Those who read me know what an “everything but the girl” hunt is — you do all the right things, pull all the right tells, yet go home silverless. We’ve all been there, But, of course, it can be worse. You do all the right things, pull all the right big fish tells, and go home with a 1962D rosie. Well, any day with silver is a good day, so who am I to whine? I got the girl, after all.
But lets roll this and try to make it make sense. Back to the site of the last couple of entries, expand the grid, and the first target of the day was the ’62D rosie. Woohoo. Early silver is special — it means the rest of the hunt is on the house. It was a hard, ferrous affected silver, but I was fairly sure it was gonna be a silver before I dug it. We’ll take it. Nice to reaffirm that dimes are possible at this place.
Next was was yet another deep, big, high tone, a problem that plagues this place, and, coupled with the hard dirt and rocks, makes it possibly the toughest place I’ve ever detected, and, after digging deep for about 15 minutes, out pops a complete sterling silver spoon. Are you kidding me? This was 10 feet from the first base line of a baseball field that dates to the 30s. How did the competition miss it? Is it cause its deeper than they expect, and then when they get there, if it ain’t coin shaped, they assume it its trash and leave it before identifying it? Who knows? Never assume anything. Follow thru until you’ve identified both the metal and the object, especially if the site is wickedly old. This is only the second or third complete silver spoon I’ve ever dug, and I’ve never dug one at a normal run of the mill park where you’d expect the competition to have gotten it 20 years ago.
But, there’s more. More spoonage that is. First multi-spoon hunt in my career. Maybe I should track this on the stats page. The next one came in as a slam dunk silver quarter, and it took me forever to find it, cause there was all this coal like stuff in the hole which kept whacking the PP. I only got the bowl, but it seems really old. Tests as silver, but the way the acid worked on it, it looks like coin silver (900 silver), rather than sterling. That means its prolly in the 200 year old range. Where’s the handle? Where’s the 200 year old silver quarter that should have been there? Where’s the supermodel? I sort of felt jinxed, working thru this brutal site, to come up with a complete silver spoon, then a 200 year old silver spoon bowl that should have been a silver Q dated 1813.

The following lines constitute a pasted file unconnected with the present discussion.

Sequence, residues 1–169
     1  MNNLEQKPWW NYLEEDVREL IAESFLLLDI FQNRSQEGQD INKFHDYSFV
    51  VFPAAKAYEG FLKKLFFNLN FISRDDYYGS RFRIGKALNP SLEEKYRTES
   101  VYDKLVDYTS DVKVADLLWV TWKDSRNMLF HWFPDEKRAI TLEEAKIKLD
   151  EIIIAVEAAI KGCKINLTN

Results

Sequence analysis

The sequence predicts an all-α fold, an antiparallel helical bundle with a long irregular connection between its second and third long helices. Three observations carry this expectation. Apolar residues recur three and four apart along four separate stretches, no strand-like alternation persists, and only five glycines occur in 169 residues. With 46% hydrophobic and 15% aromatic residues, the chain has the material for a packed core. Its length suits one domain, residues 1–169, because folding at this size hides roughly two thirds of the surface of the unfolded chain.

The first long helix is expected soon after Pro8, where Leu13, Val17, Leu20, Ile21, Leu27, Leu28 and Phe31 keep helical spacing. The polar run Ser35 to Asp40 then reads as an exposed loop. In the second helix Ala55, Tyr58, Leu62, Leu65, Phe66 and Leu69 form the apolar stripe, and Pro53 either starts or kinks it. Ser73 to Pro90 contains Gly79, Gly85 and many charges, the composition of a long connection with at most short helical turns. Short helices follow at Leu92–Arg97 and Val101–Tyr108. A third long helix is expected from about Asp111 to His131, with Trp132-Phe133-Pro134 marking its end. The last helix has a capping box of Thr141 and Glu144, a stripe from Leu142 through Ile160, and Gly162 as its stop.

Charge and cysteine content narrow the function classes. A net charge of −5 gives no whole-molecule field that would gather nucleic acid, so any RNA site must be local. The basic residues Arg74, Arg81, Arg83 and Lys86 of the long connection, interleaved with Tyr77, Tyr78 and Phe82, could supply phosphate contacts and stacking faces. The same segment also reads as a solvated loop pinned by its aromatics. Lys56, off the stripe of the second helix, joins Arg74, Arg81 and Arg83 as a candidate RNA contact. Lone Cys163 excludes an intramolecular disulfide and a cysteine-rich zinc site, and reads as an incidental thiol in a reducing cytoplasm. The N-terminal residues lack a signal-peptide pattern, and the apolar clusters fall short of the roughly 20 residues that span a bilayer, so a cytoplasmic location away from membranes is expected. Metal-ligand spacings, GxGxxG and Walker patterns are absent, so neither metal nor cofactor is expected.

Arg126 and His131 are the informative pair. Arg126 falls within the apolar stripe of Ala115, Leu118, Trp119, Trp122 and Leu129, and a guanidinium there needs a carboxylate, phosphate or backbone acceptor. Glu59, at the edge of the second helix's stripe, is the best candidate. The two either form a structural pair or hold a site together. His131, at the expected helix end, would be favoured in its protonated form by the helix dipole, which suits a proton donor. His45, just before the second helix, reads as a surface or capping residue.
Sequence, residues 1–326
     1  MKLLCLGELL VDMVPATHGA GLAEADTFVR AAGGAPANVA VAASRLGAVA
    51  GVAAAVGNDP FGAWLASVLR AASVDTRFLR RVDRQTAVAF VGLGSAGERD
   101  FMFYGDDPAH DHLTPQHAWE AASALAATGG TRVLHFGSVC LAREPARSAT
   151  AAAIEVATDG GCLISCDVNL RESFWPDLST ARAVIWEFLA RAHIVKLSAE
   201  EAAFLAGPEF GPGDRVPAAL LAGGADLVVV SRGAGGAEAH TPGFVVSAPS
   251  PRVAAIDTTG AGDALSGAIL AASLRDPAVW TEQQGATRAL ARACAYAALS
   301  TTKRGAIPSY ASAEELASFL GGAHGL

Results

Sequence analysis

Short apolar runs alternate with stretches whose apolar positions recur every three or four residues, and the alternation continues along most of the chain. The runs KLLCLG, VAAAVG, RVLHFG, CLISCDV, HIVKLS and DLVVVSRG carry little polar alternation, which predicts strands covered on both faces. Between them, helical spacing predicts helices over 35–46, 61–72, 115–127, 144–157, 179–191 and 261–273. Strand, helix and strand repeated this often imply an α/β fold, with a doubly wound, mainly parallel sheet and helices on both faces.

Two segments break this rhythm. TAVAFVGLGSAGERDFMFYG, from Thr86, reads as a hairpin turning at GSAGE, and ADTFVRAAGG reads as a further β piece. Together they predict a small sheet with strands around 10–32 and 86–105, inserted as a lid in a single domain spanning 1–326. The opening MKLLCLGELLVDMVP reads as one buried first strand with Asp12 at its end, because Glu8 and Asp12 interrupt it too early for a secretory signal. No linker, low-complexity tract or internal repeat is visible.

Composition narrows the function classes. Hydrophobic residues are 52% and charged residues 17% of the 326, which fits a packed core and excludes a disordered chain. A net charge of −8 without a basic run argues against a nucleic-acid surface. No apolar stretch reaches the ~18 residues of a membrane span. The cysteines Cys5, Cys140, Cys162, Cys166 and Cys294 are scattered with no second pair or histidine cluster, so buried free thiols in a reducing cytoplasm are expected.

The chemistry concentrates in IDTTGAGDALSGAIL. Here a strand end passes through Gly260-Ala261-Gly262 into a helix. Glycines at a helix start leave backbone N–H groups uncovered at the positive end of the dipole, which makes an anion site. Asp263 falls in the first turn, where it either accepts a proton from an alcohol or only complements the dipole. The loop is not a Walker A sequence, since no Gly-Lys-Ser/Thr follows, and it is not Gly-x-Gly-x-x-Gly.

But, there is actually more. Yet another miss on the supermodel. Got a wicked deep iffy high tone, which I was sure was gonna be an affected, old silver Q or half, and turned out to be this old looking key. Old keys are cool, but this one is kinda lame cause its missing the key part. Looks like the handle was copper, yet the stem (and presumably the key part), was ferrous. Who makes a key like this? Any key experts reading? The amazing thing about this was that I hit the ferrous part at about 7-8 inches, and it was sticking straight up. I figured — yet another nail — but I always remove them to see if we can hear the high tone better afterwards, and out comes the copper handle, which must have been at 10-11 inches. Amazing the E-Trac heard that thru the mineralized ground, thru the ferrous stem, and onto the high tone handle at 10 inches. Unbelievable. Would have been more unbelievable if it were a bust quarter. Where’s the supermodel? That second spoon bowl and key seem really old. Oh well.
My wife says the key is really cool. I agree. Too bad about the business end being ferrous.